By Leela Ramdeen, Chair, CCSJ, (http://rcsocialjusticett.org) & Director, CREDI
“It is time for fathers and mothers to return from their exile, because they have self-exiled from the education of their children, and to fully reassume their educational role…this can only be done with love, tenderness and patience.”
– Pope Francis
We must consider also the importance of home, school, community partnerships in the education process. Pope Francis has also said: “…the educational pact today has been broken; and thus, the educational alliance between society and the family is in crisis because mutual trust has been undermined. There are many symptoms. For example, at school, relationships between parents and teachers have been compromised.”
In 2009, the then Minister of Education, Esther Le Gendre, said: “Our guiding philosophy is that all children regardless of ethnicity, religion, socio-economic status or gender have a right to become all they are capable of becoming.” Where are we today? Do we have a vision about the kind of society we would like to build?
If so, how are we using this information to inform our goals in education and the planning/delivery of our education system – at all levels? Do we know how many of our parents/schools are helping students to become critical thinkers; to develop skills for moral reasoning; to become successful learners, confident individuals, responsible, innovative, productive citizens, and lifelong learners?
What is the quality of leadership/management in our schools? What are the barriers to effective teaching and learning in our schools? What is the role of school supervisors in promoting quality education? What early warning systems exist to inform us that a school may be failing/in crisis? What is the response in such situations?
Discipline in schools
These and other questions ran through my mind as I reflected on the three disturbing video-clips that I saw on Facebook of bullying, extortion and violence at one of our secondary schools. And while everyone was talking about what should be done to the students involved, another video-clip appeared on social media depicting a confrontation between the principal and some male students there.
I was troubled by what I heard the person, allegedly the Principal, saying to the students. And then there was the main perpetrator’s aunt who took to Facebook to cuss and try to defend the indefensible actions of her nephew.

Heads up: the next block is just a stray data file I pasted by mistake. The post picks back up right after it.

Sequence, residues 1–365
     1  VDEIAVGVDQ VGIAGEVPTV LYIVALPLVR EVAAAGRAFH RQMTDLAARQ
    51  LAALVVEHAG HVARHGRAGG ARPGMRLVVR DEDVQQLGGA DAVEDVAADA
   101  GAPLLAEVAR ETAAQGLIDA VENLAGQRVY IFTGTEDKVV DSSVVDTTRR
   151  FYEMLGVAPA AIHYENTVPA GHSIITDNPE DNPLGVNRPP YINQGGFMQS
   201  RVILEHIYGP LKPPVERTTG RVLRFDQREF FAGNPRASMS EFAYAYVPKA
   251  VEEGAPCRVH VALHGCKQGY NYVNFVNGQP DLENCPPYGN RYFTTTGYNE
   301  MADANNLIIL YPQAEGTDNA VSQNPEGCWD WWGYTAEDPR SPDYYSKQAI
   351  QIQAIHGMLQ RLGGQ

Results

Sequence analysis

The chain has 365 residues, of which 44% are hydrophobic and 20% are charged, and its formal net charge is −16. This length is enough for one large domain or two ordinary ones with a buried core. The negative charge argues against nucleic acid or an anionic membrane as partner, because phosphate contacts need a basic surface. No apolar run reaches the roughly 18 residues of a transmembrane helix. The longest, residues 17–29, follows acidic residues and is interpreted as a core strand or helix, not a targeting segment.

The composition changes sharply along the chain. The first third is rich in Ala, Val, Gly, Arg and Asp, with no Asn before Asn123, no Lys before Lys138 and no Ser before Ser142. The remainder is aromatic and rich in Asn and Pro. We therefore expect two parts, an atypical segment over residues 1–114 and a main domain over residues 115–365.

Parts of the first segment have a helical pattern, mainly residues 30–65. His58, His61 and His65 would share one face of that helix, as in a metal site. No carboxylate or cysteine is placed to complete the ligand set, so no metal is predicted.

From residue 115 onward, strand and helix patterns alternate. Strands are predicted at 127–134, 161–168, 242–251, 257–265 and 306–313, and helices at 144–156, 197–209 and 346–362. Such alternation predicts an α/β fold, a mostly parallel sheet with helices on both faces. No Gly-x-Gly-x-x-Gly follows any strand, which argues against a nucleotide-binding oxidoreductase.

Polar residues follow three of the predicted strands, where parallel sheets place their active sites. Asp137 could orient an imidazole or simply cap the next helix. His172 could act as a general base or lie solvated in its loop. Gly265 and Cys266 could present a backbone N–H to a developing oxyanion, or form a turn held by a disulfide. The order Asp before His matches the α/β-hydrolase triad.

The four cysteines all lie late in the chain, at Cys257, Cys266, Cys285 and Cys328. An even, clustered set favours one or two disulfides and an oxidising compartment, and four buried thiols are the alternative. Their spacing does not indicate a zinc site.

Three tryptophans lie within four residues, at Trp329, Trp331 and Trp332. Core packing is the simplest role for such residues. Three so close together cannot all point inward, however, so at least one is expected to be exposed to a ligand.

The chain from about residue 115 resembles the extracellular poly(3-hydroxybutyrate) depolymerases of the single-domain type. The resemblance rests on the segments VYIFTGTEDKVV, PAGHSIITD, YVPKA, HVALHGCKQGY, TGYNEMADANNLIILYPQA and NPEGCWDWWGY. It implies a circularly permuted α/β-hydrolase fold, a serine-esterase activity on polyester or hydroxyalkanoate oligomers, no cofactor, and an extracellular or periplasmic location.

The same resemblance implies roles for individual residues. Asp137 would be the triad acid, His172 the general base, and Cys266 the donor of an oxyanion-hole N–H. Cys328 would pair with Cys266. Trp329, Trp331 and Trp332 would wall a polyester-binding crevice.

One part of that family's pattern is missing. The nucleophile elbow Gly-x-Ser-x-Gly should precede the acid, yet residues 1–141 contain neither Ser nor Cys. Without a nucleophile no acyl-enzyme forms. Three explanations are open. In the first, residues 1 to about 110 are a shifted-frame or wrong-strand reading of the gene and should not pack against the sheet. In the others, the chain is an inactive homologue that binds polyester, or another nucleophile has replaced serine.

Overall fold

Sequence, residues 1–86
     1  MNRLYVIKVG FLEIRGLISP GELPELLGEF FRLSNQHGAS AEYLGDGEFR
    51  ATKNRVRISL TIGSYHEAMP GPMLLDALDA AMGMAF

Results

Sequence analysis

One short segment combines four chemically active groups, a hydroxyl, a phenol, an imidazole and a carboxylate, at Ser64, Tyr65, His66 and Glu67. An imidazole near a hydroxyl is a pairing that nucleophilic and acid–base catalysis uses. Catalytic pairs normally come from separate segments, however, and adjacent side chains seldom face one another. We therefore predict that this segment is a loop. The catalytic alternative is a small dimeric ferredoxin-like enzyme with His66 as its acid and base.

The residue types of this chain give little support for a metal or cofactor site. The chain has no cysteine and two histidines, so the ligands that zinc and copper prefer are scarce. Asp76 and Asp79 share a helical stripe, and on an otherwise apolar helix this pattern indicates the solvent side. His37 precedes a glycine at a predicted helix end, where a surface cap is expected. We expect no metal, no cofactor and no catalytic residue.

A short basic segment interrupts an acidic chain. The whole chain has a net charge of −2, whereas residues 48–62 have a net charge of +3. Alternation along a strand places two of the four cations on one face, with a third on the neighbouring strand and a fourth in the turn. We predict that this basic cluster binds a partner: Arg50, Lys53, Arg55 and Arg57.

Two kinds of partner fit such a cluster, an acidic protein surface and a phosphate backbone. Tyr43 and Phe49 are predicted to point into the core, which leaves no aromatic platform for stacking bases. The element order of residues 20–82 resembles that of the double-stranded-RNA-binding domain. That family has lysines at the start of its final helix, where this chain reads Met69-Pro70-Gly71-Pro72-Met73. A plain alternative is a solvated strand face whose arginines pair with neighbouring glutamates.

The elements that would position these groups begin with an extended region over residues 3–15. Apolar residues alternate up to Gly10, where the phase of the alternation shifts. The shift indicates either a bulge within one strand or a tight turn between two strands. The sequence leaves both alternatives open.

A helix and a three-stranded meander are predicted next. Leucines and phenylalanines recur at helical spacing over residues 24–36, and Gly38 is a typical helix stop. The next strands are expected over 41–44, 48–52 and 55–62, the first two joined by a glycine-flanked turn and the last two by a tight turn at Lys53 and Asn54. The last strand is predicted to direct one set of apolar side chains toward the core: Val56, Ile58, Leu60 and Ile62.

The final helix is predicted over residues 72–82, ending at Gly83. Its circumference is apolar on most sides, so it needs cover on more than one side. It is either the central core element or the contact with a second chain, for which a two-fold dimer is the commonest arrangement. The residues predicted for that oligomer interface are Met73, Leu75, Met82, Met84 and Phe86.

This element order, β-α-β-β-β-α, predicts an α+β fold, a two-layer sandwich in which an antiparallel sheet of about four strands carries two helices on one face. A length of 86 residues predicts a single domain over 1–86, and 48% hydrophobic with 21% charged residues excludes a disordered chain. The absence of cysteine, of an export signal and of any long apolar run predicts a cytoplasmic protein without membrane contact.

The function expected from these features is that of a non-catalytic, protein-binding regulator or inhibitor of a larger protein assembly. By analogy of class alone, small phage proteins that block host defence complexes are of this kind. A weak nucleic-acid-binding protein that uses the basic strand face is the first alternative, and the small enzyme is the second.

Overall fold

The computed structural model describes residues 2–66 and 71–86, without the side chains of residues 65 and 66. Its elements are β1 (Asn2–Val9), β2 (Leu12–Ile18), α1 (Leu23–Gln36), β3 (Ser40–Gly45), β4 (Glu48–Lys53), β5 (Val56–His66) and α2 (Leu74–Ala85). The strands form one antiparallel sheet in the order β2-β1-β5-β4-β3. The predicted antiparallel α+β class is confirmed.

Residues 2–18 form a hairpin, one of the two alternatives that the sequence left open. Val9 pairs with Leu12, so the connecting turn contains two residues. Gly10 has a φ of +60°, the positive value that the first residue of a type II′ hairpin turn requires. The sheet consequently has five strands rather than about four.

The video-clip of a group of cowardly girls in one of our primary schools ruthlessly bullying/assaulting a “schoolmate” again highlights the need for action to be taken to address discipline in our schools.
During my years as Deputy Director of Education/Head of Quality Assurance in a London borough, I constantly reminded parents and educators that children learn what they live. Students, staff and parents should be treated with dignity and respect.
However, if our parents fail in their duty of care for their children, and if our schools fail to create an environment that is conducive to teaching/learning/fostering good relationships at all levels; if they fail to develop whole school approaches to discipline and prefer instead to confront students in a manner that will “wind” them up to respond with aggression, we will soon find ourselves further down the slippery slope.
We need to consider indiscipline within the wider societal context in which there is too much anger and violence. What impact is this having on students? How are we using our knowledge of the main variables that influence students’ achievements?
Each school must consider the context in which teaching and learning is taking place; the overall effectiveness of the school; leadership and management; achievement and standards; personal development and well-being of students; the effectiveness/inclusiveness of the Curriculum; the quality of provision, including resources; and home/school/community partnerships.
Schools matter– as do parents and students; and they should all be accountable. Unless we put in place rigorous self-evaluation frameworks in our schools, coupled with independent external evaluation/assessment – such as the UK’s Ofsted Inspection system, with a dedicated team of external school inspectors, we will always have difficulties in determining how well our schools are doing, the quality and standard of education in our schools, and what we need to do to help them manage improvement. What yardstick are we using to test “quality”?
“Our children need sure guidance in the process of growing in responsibility for themselves and others” said Pope Francis. Any parent and/or educator who abrogates his/her responsibility to guide the children in their care, is simply adding to our daily woes.